Japanese officials said that until recently, Chinese officials had told them that as a precondition for talks, Japan must officially recognize that the islands were in dispute, something it has so far refused to do for fear of opening the door to further claims by China. Japanese leaders had also been asked by China to refrain from visiting a controversial war shrine. But Japanese officials said that China has shown more flexibility on preconditions in negotiations for the possible meeting next month between Mr. Abe and Mr. Xi.

On Friday, however, China expressed displeasure after Mr. Abe sent an offering of a potted plant to the Yasukuni war shrine to mark an autumn festival. Japanese officials had said they felt the offering would not affect relations with China, as no high-ranking officials had actually visited the shrine in central Tokyo.

Political analysts said that while the disputes over wartime history and the islands would continue to divide China and Japan, both nations appeared to share a growing recognition that they had too much to lose if they did not find some way to get along. With neither country willing to yield over the islands, some analysts now speak of a new status quo, in which China and Japan essentially agree to disagree on the territory, while returning to business as usual in other areas, such as trade and investment.

In that case, they said, the standoff over the islands could become a permanent feature of the security landscape, with both countries continuing to send ships there, while also taking steps to prevent the dispute from escalating. Analysts pointed to the recent resumption of talks to set up a “hotline” between the navies of China and Japan to improve communication during a crisis, which had been suspended after Japan’s purchase of the islands.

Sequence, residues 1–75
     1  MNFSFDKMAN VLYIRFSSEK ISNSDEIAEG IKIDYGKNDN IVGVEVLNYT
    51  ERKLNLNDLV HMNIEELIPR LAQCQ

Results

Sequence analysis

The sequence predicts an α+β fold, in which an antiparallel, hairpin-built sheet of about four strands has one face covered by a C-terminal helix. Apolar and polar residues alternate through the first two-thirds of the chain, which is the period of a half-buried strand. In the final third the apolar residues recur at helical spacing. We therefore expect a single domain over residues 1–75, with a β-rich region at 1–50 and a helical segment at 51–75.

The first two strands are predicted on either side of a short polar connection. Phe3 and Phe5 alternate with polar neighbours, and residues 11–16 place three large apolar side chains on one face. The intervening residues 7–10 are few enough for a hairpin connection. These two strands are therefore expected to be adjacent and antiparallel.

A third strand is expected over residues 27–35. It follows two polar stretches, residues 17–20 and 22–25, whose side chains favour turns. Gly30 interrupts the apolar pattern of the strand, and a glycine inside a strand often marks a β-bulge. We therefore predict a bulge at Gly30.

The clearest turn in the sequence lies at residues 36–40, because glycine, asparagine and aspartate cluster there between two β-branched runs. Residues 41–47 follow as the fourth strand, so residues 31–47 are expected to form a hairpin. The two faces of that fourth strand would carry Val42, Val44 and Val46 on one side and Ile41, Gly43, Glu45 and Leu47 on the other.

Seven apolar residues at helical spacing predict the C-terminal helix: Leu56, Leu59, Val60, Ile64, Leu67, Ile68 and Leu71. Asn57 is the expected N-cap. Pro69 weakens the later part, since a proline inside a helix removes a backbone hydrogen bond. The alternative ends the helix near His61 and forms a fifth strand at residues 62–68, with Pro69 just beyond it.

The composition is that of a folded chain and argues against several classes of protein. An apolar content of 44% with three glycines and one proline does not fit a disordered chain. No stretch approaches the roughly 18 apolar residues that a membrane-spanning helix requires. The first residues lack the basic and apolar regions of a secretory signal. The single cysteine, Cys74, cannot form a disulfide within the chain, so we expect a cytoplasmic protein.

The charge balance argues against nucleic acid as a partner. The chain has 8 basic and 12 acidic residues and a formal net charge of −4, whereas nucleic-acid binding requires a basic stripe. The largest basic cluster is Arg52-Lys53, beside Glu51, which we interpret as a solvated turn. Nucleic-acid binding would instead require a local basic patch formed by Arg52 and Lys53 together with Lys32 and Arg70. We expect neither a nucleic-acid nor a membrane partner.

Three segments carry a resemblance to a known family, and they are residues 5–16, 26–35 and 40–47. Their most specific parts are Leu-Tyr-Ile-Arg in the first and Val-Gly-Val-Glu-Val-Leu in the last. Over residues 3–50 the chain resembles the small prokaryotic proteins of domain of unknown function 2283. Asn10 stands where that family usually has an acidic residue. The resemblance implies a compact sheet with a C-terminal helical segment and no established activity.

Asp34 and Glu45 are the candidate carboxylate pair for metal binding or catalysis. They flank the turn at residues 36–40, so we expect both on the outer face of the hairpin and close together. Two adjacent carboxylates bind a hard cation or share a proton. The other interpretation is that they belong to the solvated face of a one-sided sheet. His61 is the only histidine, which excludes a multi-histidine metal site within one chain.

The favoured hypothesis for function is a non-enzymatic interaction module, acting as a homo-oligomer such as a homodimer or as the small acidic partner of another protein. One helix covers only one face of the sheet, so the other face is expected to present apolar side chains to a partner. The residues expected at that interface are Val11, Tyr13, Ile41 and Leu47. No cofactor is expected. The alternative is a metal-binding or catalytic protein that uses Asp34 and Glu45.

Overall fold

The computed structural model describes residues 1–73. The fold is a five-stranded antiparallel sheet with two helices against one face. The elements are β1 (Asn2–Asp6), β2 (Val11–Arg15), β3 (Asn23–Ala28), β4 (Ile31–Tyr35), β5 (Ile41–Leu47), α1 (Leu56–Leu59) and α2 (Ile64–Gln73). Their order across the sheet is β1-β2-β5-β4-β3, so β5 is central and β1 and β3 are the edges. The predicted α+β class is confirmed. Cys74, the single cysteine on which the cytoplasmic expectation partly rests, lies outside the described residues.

“Japan and China are seeking a new equilibrium,” said Narushige Michishita, director of the Security and International Studies Program at the National Graduate Institute for Policy Studies in Tokyo. “The best we can do now is to keep playing this game, but at a lower level, and to find ways to be less confrontational.”

Japanese officials and analysts said the first such effort to lower the tension level came in July, when Yasuo Fukuda, a former Japanese prime minister from a more dovish wing of the governing Liberal Democratic Party than Mr. Abe, was allowed to meet Mr. Xi during a visit to Beijing. Mr. Fukuda handed the Chinese leader a personal letter from Mr. Abe, and first proposed the meeting between the two leaders during the APEC summit, Japanese officials said.

The move was reciprocated this month with a visit to Tokyo by Li Xiaolin, the daughter of a former Chinese president who is said to be a childhood friend of Mr. Xi’s. During her visit, Ms. Li, who is the head of the official Chinese People’s Association for Friendship with Foreign Countries, met with Mr. Abe, and sat with him to watch a performance by a visiting Chinese dance troupe.

“The Chinese side has also become more proactive than before in improving relations,” Mr. Abe said in Parliament on Oct. 8, when asked about the visit by Ms. Li. To improve relations, he said, “it is important to pursue cooperation and dialogue in wide-ranging areas.”

The most recent contact came last weekend, when Junichi Ihara, a top diplomat in charge of Asian affairs at the Japanese Foreign Ministry, paid a secret visit to Beijing, which was later reported in Japanese newspapers. While Japanese officials refused to comment specifically on Mr. Ihara’s visit, they did say that negotiations are currently underway to arrange what will most likely be a short, carefully choreographed meeting in which the two leaders sit down together to engage in smiling conversation before television cameras.

By MARTIN FACKLER October 17, 2014 in The New York Times